The point is that PCI-SIG used the industry standard RMS power when it developes and publishes its industry standard. Thus they do indeed level off the peaks into a more true indication of average power consumption and heat production over extended use and load and do indeed place less importance on any individual power spike. It is similar (in a way) to what PCper tried to do, but in a much more scientific and reproduceable way which does not change drastically depending on your power supply's output ripple frequency or your game's/application's load and computation distribution.
 
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RMS is the industry standard. Every multimeter on the planet tries their hardest to indicate true RMS power. Only the crappiest multimeters measure RMS slightlg wrong and only the most advanced and expensive multimeters give you the option to disable RMS and view the peaks or lows if someone ever needs that functionality for their particular serious research purposes. But, like I said, every power meter and multimeter on the planet indicates RMS power by default and that is the standard which every electrical standard on the planet observes.

It is only armchair youtube viewers who think that some site's video about their method of hooking up a random and un-scientific amount of filtering indicates something about anything meaningful. If anything, they should have used Toms' graph of realtime data and applied RMS to Toms' realtime data to arrive at pretty close to the correct values instead of throwing some random coils into their experiment and skewing the data by an unknown and arbitrary amount without paying any attention to the lowpass or highpass filtering implications and inaccuracies introduced into their data due to an input signal of unknown frequency and randomness and then trying to explain it in a way which sounded enlightened. Neither site got it quite right. But that is besides the point.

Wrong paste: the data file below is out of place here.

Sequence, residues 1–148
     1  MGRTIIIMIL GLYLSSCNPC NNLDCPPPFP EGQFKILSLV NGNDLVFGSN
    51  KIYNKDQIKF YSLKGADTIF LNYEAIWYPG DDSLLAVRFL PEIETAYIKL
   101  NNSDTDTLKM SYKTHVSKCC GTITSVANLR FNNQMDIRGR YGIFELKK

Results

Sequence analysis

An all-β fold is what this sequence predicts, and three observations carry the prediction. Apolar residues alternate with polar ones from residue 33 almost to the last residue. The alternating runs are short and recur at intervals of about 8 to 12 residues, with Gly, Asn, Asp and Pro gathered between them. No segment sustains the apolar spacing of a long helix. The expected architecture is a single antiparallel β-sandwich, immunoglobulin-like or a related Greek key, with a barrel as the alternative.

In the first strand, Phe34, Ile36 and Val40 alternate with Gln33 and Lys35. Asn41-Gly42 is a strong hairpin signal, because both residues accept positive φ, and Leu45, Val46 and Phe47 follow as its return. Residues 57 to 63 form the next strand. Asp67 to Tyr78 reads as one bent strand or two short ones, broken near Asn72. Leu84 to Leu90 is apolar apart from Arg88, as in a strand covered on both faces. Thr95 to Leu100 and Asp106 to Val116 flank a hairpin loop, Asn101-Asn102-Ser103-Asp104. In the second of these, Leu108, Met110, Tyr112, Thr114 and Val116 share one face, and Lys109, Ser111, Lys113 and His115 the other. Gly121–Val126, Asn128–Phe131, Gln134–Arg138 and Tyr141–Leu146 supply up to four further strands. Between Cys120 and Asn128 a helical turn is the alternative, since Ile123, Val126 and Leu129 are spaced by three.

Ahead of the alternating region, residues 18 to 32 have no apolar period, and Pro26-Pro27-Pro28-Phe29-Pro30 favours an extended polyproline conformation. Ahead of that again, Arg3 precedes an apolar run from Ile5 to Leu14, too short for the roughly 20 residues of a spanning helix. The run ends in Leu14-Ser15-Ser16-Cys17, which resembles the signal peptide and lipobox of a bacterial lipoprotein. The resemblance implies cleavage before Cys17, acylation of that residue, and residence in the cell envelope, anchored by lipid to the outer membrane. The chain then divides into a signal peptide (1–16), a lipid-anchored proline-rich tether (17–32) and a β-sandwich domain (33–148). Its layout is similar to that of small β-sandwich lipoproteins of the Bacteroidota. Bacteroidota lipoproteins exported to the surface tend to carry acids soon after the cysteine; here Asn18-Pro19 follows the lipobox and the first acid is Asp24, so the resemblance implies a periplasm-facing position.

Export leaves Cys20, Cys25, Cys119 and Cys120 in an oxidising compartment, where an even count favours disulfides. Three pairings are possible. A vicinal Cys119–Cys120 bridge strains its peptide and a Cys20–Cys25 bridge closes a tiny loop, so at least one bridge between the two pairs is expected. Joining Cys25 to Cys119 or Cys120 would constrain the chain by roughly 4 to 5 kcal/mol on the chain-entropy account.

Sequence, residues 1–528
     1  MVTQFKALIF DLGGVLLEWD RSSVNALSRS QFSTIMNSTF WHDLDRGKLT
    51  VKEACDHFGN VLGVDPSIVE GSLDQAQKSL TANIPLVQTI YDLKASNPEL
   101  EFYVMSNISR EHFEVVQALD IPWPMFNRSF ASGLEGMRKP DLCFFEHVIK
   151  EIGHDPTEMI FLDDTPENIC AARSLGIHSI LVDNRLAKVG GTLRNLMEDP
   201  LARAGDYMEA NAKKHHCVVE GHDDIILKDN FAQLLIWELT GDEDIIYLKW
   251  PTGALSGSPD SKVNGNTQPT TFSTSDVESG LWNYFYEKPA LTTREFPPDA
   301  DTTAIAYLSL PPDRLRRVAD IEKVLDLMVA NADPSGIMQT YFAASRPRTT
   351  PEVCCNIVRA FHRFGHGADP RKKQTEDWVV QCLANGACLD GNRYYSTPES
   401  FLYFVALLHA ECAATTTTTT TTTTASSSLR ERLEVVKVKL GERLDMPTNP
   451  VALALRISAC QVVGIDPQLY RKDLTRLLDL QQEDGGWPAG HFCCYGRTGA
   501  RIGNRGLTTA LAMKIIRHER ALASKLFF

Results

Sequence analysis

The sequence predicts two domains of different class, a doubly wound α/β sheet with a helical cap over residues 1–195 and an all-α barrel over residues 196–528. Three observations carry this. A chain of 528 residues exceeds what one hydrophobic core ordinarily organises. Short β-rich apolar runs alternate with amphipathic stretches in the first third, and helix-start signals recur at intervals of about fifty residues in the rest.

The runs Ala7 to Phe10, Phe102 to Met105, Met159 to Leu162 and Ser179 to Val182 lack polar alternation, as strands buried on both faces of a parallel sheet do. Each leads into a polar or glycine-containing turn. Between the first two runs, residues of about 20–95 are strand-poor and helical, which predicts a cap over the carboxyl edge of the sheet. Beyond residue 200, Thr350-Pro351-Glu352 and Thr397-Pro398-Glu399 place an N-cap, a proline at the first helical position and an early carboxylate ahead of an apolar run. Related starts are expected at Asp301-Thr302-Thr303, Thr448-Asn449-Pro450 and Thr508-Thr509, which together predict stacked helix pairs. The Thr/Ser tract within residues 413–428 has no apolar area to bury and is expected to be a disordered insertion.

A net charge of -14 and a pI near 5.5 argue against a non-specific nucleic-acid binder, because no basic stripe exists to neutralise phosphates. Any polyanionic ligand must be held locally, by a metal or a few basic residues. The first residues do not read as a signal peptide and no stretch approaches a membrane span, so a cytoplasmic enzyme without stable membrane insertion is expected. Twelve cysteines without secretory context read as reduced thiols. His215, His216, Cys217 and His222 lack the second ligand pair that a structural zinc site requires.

The point is that PCI-SIG used the industry standard RMS power when it developes and publishes its industry standard. Thus they do indeed level off the peaks into a more true indication of average power consumption and heat production over extended use and load and do indeed place less importance on any individual power spike. It is similar (in a way) to what PCper tried to do, but in a much more scientific and reproduceable way which does not change drastically depending on your power supply's output ripple frequency or your game's/application's load and computation distribution.
i got that. that wasn't my point, i just couldn't find the standard's specs on the net, and my point was, why give the compliance in the first place and then take it away? that looks shady to me and totally unprofessional. also how can spikes to 200+ watts be ok for the spec but 10 watts of continuous power be harmful? im not an electrical engineer, but i find the lack of clear info on the subject not to my liking.
 
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I think the funny part is how the reference RX480 got the certification in the first place, since it was not compliant with the requirements.
. I won't be buying a card that could possibly overdraw power from my system.
This stuff costs far too much for me to ignore ~any~ possible risks in it's power delivery system.